House Ways & Means Committee Chairman Kevin Brady (R-Texas) says that Congress is “seeking ideas” on how to increase saving, including retirement saving. Brady made his remarks at the Financial Services Roundtable’s Jan. 25 meeting, “Breaking Down the Barriers to Financial Security,” held in Washington, DC.
“We’re not a nation of savers, and we need to be,” Brady told attendees.
Brady did not provide specifics on any plans or proposals regarding retirement saving, nor on current retirement plans and the laws and regulations governing them. But he did offer broad principles that make it clear that saving for retirement is on the congressional radar screen.
Brady cited the multiplicity of education saving vehicles and his conviction that they can be streamlined, indicating that the same approach could be applied to other kinds of saving. One of the key approaches when considering retirement saving is “making sure we have the right incentives in place,” he said, adding that “we’re looking at how we reward saving.”
Brady noted that those in Congress who are considering tax reform are looking at “how we simplify our retirement vehicles.” At the same time, however, he indicated interest in maintaining current incentives “and building on them.”
While Brady said that there will be action on tax reform in 2017, he noted that it is politically difficult to achieve and added a caveat: “The truth is, tax reform doesn’t please everybody.”
The DNA of the Retirement System
The tax code “is the DNA or the retirement system in this country,” remarked Lenny Glynn, managing director of public policy Putnam Investments, in a panel discussion that followed Brady’s remarks. Joining Glynn were Gregory Burrows, senior vice president, Retirement and Investor Services with the Principal Financial Group, and Christine Marcks, president of Prudential Retirement.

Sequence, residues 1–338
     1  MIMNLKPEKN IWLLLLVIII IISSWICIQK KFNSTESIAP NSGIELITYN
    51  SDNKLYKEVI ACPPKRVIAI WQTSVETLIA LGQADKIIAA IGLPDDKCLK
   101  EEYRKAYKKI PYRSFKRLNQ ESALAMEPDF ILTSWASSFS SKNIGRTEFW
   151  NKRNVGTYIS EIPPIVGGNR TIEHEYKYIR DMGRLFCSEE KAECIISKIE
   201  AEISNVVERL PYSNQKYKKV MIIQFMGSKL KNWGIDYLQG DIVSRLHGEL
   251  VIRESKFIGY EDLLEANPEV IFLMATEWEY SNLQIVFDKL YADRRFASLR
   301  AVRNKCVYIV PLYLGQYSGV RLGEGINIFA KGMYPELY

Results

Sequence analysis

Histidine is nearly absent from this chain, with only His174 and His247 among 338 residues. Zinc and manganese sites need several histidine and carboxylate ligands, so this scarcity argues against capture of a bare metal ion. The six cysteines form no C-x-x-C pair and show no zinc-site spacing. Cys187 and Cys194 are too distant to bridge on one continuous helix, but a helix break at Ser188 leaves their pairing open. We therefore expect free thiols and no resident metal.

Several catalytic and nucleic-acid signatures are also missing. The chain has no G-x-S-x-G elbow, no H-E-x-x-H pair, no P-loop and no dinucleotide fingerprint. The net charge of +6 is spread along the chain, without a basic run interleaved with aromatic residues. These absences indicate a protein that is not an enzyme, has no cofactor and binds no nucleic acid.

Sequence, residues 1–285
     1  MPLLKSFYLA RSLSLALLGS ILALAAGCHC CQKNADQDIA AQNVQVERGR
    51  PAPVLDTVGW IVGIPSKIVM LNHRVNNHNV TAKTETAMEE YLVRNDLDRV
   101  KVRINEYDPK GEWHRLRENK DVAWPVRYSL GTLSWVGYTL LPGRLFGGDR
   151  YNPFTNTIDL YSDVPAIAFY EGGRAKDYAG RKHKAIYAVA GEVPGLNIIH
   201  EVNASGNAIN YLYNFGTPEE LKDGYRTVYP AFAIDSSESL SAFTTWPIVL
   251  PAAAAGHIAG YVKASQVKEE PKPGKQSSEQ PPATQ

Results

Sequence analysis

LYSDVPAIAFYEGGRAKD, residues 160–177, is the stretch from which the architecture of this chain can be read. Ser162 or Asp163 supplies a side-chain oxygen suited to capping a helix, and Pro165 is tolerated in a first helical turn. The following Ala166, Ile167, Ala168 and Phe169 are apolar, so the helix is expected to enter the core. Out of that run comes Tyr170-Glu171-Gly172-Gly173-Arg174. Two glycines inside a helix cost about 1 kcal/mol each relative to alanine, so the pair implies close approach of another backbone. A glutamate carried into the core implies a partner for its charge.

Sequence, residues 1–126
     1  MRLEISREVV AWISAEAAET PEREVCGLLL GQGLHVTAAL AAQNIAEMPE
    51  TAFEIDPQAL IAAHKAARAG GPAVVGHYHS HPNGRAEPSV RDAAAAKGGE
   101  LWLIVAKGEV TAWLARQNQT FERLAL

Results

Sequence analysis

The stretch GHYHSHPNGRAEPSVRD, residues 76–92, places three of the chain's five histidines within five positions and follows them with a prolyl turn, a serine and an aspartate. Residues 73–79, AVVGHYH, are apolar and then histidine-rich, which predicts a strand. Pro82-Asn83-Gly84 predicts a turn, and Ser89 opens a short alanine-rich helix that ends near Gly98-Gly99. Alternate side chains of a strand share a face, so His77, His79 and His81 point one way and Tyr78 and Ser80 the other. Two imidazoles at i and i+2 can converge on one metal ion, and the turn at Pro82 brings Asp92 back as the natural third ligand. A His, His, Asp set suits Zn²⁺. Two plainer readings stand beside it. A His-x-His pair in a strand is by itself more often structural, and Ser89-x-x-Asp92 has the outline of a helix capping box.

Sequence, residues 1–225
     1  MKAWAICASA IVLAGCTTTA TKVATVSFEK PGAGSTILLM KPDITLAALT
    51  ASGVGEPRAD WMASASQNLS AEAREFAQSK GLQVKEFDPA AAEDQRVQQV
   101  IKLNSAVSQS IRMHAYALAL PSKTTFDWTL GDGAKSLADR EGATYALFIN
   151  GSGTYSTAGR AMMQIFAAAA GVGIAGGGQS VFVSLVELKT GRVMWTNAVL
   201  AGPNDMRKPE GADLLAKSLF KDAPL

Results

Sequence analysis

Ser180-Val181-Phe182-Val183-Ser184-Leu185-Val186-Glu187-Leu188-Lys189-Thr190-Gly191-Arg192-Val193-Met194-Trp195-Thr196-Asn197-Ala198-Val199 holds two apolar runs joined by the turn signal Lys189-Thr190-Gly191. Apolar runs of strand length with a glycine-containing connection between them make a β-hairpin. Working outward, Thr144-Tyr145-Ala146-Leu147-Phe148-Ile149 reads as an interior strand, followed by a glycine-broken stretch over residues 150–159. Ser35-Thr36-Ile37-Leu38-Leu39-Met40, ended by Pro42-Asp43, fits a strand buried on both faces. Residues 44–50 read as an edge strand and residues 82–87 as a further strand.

Burrows told attendees that he prefers to diverge from how tax incentives are commonly characterized. “These are not tax expenditures,” he said, but rather tax deferrals — deferrals with an eventual high yield. Marcks also called for a change in terminology and the mindset behind that terminology, arguing for reframing the way retirement plans are currently characterized — as retirement savings plans — and instead treating them as retirement income plans.
There are things we can do better, Burrows noted, such as educating employers about retirement saving, but the panelists generally did not advocate radical change to retirement plans or the existing incentives to save.
“There is nothing wrong with the 401(k) that can’t be fixed with what’s right about the 401(k),” said Glynn, citing how helpful he considers auto enrollment and auto escalation to be, and how optimal “full automaticity” could be.
“Let’s look at the successes and spread them out systemwide,” said Glynn. Marcks struck a similar note, remarking that “it’s a matter of enhancing what we have.” Burrows, too, advocated an incremental approach, arguing that building on the current system is “essential.”